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Behind the Box Score: Home run to fly ball ratios

The backend of the Indians starting rotation collectively have exceedingly high strikeout to walk ratios after Trevor Bauer surrendered another two bombs against the Astros on Friday night at Minute Maid Park.

Many hitters have feasted their eyes on the poorly located offerings of Trevor Bauer, Danny Salazar, Josh Tomlin and Corey Kluber this season.

Each of these hurlers has an extremely high home run to fly ball ratio (HR/FB) to help confirm the opposition’s success against Indians starting pitchers not named Carlos Carrasco.

Entering play, Bauer (20.5%), Salazar (23.7%) and Kluber (17.9%) all had/have career-high HR/FB ratios while Tomlin has a mark of 16.7%, the second highest of his major league tenure (17.7% in 2016).

Avoiding the long ball has likely been atop pitching coach Mickey Callaway’s priority list over the last month.

To make matters worse, Bauer surrendered two more home runs to Josh Reddick and Carlos Correa on Friday, two dangerous hitters on one of the hottest teams in baseball…

Result: Solo home run on a 0-2 cutter

Pitch velocity: 88-mph

Exit velocity: 102.7-mph (barreled ball)

Distance: 388 feet

Launch angle: 25 degrees

Hit probability: 85%

Result: Solo home run on a 1-1 four-seam fastball

Pitch velocity: 93.9-mph

Exit velocity: 94.5-mph

Distance: 348 feet

Launch angle: 29 degrees

Hit probability: 27%

From a visual perspective, Bauer left a 0-2 pitch over the plate to Reddick, a cutter that likely started over the middle before slanting right in the direction of the 30-year-old’s bat barrel. On the contrary, Bauer got unlucky on Correa’s blast thanks to the shorter dimensions of Minute Maid Park (326 feet to RF) and a fan interfering with Lonnie Chisenhall’s leaping attempt at making the play.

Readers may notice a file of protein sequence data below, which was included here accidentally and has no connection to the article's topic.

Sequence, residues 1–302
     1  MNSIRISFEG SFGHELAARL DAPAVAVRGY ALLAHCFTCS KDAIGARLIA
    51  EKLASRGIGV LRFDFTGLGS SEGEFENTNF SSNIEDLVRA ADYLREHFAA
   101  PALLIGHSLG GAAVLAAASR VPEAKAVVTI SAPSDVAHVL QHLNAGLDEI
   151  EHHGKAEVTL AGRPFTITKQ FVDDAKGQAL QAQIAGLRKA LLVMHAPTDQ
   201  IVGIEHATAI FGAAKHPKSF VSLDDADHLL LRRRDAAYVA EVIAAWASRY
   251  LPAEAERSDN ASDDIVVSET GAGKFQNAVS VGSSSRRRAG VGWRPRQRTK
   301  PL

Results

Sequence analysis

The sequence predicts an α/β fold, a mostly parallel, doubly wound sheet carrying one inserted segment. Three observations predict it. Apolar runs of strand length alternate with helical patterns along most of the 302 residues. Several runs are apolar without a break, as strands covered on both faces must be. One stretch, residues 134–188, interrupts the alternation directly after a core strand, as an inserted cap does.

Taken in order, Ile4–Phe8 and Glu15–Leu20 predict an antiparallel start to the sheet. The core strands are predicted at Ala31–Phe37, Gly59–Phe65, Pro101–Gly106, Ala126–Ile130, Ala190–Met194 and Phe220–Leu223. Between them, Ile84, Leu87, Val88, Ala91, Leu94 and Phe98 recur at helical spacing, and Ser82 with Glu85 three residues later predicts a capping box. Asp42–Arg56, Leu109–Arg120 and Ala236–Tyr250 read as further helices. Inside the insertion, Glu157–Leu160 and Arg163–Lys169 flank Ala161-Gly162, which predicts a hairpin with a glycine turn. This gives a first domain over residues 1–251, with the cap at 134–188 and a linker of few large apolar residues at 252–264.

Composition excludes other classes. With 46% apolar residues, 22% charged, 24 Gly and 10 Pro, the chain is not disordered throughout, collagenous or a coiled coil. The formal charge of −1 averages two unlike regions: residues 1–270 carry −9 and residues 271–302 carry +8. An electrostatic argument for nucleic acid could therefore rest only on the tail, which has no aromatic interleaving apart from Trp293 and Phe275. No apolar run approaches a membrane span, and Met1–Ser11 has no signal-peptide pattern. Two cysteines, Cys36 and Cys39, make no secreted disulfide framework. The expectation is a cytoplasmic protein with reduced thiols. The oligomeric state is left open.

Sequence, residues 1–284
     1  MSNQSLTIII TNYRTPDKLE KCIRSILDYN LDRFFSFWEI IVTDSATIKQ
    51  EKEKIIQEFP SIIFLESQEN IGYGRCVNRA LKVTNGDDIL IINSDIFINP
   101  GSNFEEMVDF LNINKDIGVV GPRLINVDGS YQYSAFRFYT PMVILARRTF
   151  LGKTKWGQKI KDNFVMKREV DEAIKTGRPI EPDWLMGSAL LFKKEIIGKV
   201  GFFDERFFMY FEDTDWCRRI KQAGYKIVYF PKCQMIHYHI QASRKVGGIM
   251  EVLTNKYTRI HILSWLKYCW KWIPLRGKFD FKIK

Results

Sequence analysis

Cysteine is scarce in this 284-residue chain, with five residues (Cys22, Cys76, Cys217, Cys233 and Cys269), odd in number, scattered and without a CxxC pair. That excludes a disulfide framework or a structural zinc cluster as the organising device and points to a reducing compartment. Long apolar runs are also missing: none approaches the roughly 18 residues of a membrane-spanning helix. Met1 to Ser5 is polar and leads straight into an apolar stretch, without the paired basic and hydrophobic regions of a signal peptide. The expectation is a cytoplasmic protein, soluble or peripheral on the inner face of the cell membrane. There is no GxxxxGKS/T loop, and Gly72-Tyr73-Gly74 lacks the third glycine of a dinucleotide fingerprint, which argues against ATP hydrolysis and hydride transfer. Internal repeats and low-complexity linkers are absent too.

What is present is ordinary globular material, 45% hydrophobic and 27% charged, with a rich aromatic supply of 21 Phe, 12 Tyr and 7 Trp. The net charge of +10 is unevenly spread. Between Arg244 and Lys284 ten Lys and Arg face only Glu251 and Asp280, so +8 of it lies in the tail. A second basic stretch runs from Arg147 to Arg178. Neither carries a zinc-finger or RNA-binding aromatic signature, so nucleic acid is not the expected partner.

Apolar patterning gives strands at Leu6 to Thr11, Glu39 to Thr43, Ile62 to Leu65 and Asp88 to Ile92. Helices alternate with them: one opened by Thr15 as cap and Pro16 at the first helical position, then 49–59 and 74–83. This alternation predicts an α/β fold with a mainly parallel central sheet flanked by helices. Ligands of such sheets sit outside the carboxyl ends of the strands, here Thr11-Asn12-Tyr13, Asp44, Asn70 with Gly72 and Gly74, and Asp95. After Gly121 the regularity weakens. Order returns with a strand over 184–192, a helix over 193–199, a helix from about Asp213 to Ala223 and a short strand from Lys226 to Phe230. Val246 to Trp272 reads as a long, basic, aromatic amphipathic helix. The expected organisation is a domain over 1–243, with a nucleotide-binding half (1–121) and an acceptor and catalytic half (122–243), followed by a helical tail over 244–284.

“The pass interference? I went up for the ball and a couple gloves touched each other,” said Chisenhall to reporters after the game. “I thought I had a beat on it. I know Trevor would love to see it back in the ballpark, just for ERA purposes. We got a win. You try to catch balls like that, but you don’t come down with all of them. We’re on the road.”

While Bauer has certainly fell victim to some fluky hits this year as evidenced by his career-high .350 BABIP (batting average on balls in play), his competition is still raking the ball at a 36.9% hard-hit percentage, the highest mark since his rookie season with the Diamondbacks in 2012 (39.1%).

The two home runs above help explain Bauer’s inflated BABIP and hard-hit percentage totals.

- Reddick torched the ball at a 102.7-mph clip, the sixth fastest exit velocity in the entirety of the contest. This example increases Bauer’s hard-hit percentage and adds one home run to his HR/FB ratio.

"Got ahead of Reddick," manager Terry Francona said. "And threw him a cutter, didn't get it quite in far enough."

- Correa lifted the ball at a 94.5-mph clip, the 23rd fastest exit velocity from the game’s sample size of 43 batted balls in play. This example increases Bauer’s BABIP and also adds one home run to his HR/FB ratio.

"He's just strong," said Francona. "I don't even think he hit all of it. It's still a home run to right."

Although these are two drastically different circumstances, they both show why Bauer’s HR/FB ratio is at such an unprecedented level. Not only is he making location mistakes in favorable counts, but the pure strength of hitters like Correa are turning quality offerings into unique home runs.

As for Salazar, Tomlin and Kluber, more of these same issues appear atop their Fangraphs pages…

Salazar BABIP: .383 (career-high)

Salazar hard-hit percentage: 32% (second highest)

Tomlin BABIP: .364 (career-high)

Tomlin hard-hit percentage: 36.2% (career-high)

Kluber BABIP: .320 (highest since 2013)

Kluber hard-hit percentage: 42.3% (career-high)

On the bright side, BABIP is used to predict either improvement or regression depending on how high or low the average is.

“I know the results will match my stuff at some point,” Bauer said after his start on May 14 vs. Minnesota. “I can’t keep having the home run to fly ball rate. It’s just absurdly high right now and that’s how most of my runs are being scored. My BABIP is extremely high as well. Those aren’t sustainable for an entire year.”

If Bauer can continue to locate well over the outside corner like he did with Correa, his numbers will likely return to the form fans have been accustomed to when he sufficiently filled out the backend of the starting rotation in 2016.

“At some point it’s going to turn around,” said Bauer. “I’m going to start getting the benefit of the doubt. Right now, though, those things are definitely against me.” 

John Alfes has covered the Indians for IBI since August of 2016. Follow him on Twitter @JohnAlfes for breaking news and in-depth coverage all season long.

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